Wilkinsburg leaders are advocating for a ballot referendum that would allow liquor licenses in the borough, which has been dry for nearly eight decades.
Tracey Evans, executive director of the Wilkinsburg Community Development Corp., said allowing liquor licenses was listed as a goal in a 2010 comprehensive plan and business district revitalization plan, and she said the ability to serve alcohol would help the borough draw hotels and fine dining and chain restaurants.
"You're not going to draw someone in if they can't get a license," she said. The community development group is working to collect the required signatures -- more than 2,000 -- to get the referendum on the ballot in the May primary election.
Ms. Evans said the agency plans to post information about the proposed referendum on its website -- www.wilkinsburgcdc.org -- and Facebook page and encourages residents to leave comments.
Council President Jason Cohn said he thinks liquor licenses would benefit the borough from an economic development standpoint, but he said limiting the number of licenses and regulating the types of establishments that can hold them is important to avoid creating a nuisance.
If a referendum were approved, council would craft an ordinance similar to one passed by Forest Hills after voters OK'd liquor sales there in 2003. That ordinance requires license applicants to list everything from whether the applicant has ever been cited for a liquor code violation to the proposed seating capacity and type of menu the restaurant would offer.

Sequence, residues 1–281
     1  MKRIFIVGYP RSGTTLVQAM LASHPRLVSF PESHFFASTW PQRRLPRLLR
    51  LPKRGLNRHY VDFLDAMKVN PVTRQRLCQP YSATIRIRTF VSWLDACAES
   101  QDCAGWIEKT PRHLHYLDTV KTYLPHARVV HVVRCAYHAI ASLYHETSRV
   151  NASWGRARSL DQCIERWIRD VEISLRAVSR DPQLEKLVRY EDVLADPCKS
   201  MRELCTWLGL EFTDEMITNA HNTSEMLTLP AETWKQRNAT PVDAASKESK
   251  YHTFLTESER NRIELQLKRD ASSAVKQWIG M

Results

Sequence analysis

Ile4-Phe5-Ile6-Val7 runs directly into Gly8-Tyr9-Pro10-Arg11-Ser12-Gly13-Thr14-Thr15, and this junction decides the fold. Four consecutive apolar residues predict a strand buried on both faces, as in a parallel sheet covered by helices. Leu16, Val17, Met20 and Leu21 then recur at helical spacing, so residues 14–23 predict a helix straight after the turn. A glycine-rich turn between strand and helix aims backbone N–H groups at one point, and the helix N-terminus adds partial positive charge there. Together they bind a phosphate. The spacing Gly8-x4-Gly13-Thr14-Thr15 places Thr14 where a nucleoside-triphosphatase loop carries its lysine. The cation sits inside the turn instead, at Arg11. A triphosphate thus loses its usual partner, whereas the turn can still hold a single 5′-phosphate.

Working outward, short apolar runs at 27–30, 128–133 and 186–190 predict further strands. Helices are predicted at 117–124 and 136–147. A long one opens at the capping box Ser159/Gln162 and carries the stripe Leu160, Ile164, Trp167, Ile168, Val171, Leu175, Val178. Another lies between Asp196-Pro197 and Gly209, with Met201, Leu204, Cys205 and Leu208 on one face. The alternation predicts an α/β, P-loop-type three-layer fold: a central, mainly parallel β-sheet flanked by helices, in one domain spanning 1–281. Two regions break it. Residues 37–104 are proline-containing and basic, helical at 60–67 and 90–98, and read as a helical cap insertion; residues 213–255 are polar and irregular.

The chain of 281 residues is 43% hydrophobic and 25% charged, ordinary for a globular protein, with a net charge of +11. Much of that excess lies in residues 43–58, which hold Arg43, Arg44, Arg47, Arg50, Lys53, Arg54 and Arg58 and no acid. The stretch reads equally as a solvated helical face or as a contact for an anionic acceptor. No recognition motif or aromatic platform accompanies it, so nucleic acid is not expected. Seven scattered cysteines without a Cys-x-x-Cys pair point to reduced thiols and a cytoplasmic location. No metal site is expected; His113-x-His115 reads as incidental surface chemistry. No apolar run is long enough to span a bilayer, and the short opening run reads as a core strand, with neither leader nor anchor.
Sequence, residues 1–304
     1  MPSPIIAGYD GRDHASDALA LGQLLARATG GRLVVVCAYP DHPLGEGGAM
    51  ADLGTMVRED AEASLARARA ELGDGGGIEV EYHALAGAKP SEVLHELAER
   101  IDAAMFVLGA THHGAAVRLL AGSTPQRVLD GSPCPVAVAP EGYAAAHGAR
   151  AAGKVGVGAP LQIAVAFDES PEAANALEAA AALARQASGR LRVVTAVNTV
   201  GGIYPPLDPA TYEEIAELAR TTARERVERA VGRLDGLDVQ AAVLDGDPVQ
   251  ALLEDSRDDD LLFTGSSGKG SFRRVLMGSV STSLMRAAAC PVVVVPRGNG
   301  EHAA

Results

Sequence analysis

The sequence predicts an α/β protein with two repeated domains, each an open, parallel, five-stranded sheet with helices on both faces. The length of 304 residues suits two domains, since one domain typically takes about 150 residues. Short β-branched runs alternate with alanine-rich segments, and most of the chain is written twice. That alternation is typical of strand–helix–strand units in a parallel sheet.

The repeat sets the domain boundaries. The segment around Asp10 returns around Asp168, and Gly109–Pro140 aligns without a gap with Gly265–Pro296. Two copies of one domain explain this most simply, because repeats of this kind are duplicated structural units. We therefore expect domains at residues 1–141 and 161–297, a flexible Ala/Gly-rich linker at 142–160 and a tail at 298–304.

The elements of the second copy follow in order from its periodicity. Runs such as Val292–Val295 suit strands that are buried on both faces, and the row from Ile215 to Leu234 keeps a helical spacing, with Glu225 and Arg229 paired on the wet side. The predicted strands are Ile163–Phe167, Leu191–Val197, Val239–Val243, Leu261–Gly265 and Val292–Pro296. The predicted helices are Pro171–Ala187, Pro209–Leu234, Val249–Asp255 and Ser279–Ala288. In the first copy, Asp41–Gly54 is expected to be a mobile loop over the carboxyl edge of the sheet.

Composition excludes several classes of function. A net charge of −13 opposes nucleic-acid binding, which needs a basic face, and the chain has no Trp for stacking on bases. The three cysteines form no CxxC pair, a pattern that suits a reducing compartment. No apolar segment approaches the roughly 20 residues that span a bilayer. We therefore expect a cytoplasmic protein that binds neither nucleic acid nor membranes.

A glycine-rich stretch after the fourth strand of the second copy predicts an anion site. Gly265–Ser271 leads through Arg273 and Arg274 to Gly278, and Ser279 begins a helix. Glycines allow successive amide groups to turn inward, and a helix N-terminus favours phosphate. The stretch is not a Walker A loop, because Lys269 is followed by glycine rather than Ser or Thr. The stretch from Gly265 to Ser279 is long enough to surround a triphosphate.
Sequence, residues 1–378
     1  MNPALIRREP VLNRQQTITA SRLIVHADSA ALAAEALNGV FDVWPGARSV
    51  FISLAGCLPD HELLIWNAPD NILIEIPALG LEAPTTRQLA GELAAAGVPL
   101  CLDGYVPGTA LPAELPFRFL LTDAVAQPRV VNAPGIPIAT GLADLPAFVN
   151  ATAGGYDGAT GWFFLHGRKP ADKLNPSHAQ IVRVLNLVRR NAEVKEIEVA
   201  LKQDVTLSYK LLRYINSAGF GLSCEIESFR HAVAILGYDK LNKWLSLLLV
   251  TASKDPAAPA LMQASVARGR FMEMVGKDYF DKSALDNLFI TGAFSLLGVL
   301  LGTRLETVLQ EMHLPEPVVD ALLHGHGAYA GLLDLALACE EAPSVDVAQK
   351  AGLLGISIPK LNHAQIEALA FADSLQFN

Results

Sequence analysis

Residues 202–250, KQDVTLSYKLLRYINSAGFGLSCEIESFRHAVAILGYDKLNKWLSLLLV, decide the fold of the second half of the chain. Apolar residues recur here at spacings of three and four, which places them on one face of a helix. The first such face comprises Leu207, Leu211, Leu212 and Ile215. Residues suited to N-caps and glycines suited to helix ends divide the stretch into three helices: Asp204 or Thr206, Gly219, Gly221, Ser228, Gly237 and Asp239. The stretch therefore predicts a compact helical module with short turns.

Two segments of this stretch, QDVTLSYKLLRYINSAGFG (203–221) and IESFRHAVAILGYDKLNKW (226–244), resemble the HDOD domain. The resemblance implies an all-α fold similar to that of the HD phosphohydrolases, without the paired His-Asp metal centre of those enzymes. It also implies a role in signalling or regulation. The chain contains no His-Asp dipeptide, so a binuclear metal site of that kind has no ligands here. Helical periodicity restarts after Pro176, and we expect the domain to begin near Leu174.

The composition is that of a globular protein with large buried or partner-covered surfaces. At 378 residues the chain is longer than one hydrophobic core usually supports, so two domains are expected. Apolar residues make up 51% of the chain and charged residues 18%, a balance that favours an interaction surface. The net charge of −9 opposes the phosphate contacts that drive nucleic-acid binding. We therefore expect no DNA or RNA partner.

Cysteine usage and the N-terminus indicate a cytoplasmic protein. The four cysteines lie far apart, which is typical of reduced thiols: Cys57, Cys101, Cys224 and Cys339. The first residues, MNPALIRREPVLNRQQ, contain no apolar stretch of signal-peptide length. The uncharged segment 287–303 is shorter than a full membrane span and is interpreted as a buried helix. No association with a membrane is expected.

Liquor licenses are issued by the state Liquor Control Board, but the law governing licenses calls for at least one public hearing on the matter in a municipality when an application is received.
The Forest Hills ordinance, in addition to holding a hearing, also requires a report and recommendation from the borough manager and police, among other things. The ordinance states that council's refusal to give its approval to a liquor license application would "be based on a finding that the proposed transfer would adversely affect the welfare, health, peace and morals of the borough or its residents."
Councilwoman Pamela Macklin said she's not opposed to the idea, but residents must decide. She said that while alcohol sales could be a boon for the business district, she also noted that Wilkinsburg is home to nearly 50 churches and a bar on every corner could be a nuisance.
She said council would have to "explore ... the pluses and the minuses."
Councilwoman Vanessa McCarthy-Johnson called the proposal "an excellent idea" and said that allowing liquor licenses would bring people to the business district and revenue to the borough.
She said residents were opposed to the idea of allowing liquor licenses a decade ago, the last time elected officials pushed for a referendum. Then, residents expressed concerns about nuisance bars and other problems associated with allowing the sale of alcohol.
Ms. McCarthy-Johnson said there were some problems outside the liquor store in the borough when it was open, which added to residents' concerns. That store was destroyed by fire in 2007 and never reopened.
This time, she said, officials will make sure to let residents weigh in on the proposal and be clear about its intent.
"We also need to educate," she said. "I think that's a huge piece" of ensuring the referendum's success.
Annie Siebert: firstname.lastname@example.org or 412-263-1613. Twitter: @AnnieSiebert.